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Apparent paradox with angular and linear motion

  1. Jul 25, 2012 #1
    A friend raised an observation which I thought would be easy to explain. But it seem I have a gap in my physics knowledge...

    An object (rigidbody) is stationary in zero gravity empty space. In the first situation we apply an impulse to its COG and its linear momentum changes, and no angular momentum change. Correct?

    In the second situation, same initial condition, but the same impulse is apply off center, inducing a change in angular velocity, as well as the same change in linear momentum as in the first situation.

    In the first situation, the impulse resulted in the object having an linear kinetic energy. In the second situation, the impulse caused the object to have the same linear kinetic energy, but also an additional rotational kinetic energy.

    Why aren't the total kinetic energy after the impulse the same in both situation?

    Thanks for answering.
     
  2. jcsd
  3. Jul 25, 2012 #2
    Energy must be conserved, so the energy from the impulse is divided between linear and angular kinetic energy. The ratio of the division depends on the magnitude of the components of the impulse along the directions parallel and perpendicular to the direction from the point of impact to the body's centre of mass, and also the mass and moment of inertia about the axis of induced rotation.
     
  4. Jul 25, 2012 #3

    jbriggs444

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    One way to understand this is to realize that the work performed by this impulse is proportional to the distance moved by the point of application of the force.

    If you apply the impulse at the center of mass, the only resulting motion is linear.

    If you apply the impulse off-center, there is both linear motion and rotational motion. The point at which the force is applied moves further under application of the same force.

    So even though the force * time might be the same for the two situations, force * distance can be different.
     
  5. Jul 25, 2012 #4
    >So even though the force * time might be the same for the two situations, force * distance can be different.

    I want narrow to just impulse and not force (I am assuming it is theoretically possible), because I don't want to deal with how the application position of the force change over time.

    In all the text I read about change in momentum, I didn't find one which change in linear momentum is a function of 'offset' from the center where the impulse is apply. That why I assume the change in momentum is just a function of mass and the magnitude of the impulse.

    If that's the case, then by offsetting the impulse, I will get same change in linear momentum plus an addition angular momentum, resulting in a bigger total kinetic energy. So that doesn't sound right.

    What did I miss?
     
  6. Jul 25, 2012 #5

    Dale

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    That is correct.

    That is also correct.

    You missed that impulse ≠ energy. The center and offset impulses have the same impulse but different energies. You cannot match both except in special cases (like both on center, or both offcenter by same amount).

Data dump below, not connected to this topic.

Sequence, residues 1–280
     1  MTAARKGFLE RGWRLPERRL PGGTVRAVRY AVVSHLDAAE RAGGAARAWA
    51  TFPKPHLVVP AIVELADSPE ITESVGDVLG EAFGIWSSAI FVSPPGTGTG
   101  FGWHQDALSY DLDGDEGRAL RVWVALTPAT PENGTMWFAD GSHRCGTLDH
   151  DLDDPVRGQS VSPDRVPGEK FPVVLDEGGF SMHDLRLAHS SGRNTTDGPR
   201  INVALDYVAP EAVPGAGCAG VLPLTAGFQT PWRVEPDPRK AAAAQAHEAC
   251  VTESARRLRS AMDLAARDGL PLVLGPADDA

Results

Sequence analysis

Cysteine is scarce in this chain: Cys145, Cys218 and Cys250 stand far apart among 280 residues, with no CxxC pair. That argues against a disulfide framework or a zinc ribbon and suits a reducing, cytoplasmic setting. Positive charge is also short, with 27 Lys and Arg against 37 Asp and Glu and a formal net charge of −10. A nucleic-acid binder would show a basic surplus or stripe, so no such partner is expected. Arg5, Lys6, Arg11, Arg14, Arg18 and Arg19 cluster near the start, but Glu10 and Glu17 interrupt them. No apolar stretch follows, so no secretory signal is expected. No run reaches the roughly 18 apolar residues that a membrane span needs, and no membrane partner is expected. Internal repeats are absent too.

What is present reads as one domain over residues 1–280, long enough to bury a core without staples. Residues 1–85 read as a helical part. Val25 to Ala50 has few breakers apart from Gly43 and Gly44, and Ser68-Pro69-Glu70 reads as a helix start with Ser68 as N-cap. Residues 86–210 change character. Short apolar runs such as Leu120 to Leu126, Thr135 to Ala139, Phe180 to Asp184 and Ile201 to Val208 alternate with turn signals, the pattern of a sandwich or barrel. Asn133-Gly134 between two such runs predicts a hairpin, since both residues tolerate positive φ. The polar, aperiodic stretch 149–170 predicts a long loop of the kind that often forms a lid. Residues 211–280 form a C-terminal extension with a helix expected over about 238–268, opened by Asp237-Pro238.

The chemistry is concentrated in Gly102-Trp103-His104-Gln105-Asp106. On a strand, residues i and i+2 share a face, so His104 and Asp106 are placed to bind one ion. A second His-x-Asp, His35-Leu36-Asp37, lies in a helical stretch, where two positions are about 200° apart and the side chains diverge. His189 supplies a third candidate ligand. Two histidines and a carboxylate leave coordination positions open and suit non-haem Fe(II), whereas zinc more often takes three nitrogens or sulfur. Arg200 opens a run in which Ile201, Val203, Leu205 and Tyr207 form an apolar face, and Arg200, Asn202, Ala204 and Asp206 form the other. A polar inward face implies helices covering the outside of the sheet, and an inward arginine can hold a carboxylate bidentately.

7. Jul 25, 2012 #6
    The second part of that statement is untrue.
    While a body rotaing and moving linerally at the same time can be analyzed for the velocities of certain points by suposition of translation and rotation, the same cannot be said for an inpulse applied off centre to the centre of gravity - ie you do not calculate first the angular momentum as if the impulse was applied off some distance to the CG and then calculate a linear momentum as if the same impulse was at the CG.

    If you do think about what you have stated is that
    1. Apply impulse off from the CG so that the rigid body aquires an angular momentum.
    2. At an oportune moment, apply the same impulse at the CG so that the body aquires a linear momentum.

    I will explain it in terms of collisions in regards to conservation of momentum. Note that when two bodies do collide they are acting upon each other with impulse.

    You should look up coefficient of restitution, e.
    If e = 0 , a collision is non elastic
    If e = 1 , a collision is elastic and energy is conserved
    For e=0 to e<1, energy is not conserved.

    For a linear collision, two bodies with collinear velocities of the CG V1a and V1b with the point of contact will collide and separate with CG velocities V2a and V2b. And one can calculate the coeficient of restitution from the values of velocity.

    You may find this surprising, but rigid bodies have the same coeficient of restitution whether the contact is colliner with the CG or off centre. What that means is that the point(s) of contact of the bodies respectively having velocities V1a and V1b before contact will have velocites V2a and V2b after contact. Other parts of the rigid bodies will have different velocities. ( The velocities mentioned here are vectors ).

    Note that it follows that the CG of the rigid body(s) when hit off centre cannot have the same V1b or V2b as the point of contact or there would not be any rotaion.
     
  8. Jul 25, 2012 #7
    Thanks for all the replies.

    I am still not clear about this.

    Then how do you calculate the change in linear and angular momentum due to an off-center impulse?
     
  9. Jul 25, 2012 #8

    AlephZero

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    I don't think it is very helpful to bring collisions and coefficients of restitution into this. Applying a known impulse to a body doesn't necessarily have anything to do with collisions. It is equally relevant to analysing "steady state" situations like rockets or jet engines.

    Dalespam has it right: The kinetic energy is different in the two situations because impulse ≠ energy - they are measured in different units, so they can't be "the same thing".
     
  10. Jul 25, 2012 #9

    AlephZero

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    You seem to have done the right things in your OP, but the problem was you didn't believe the answer.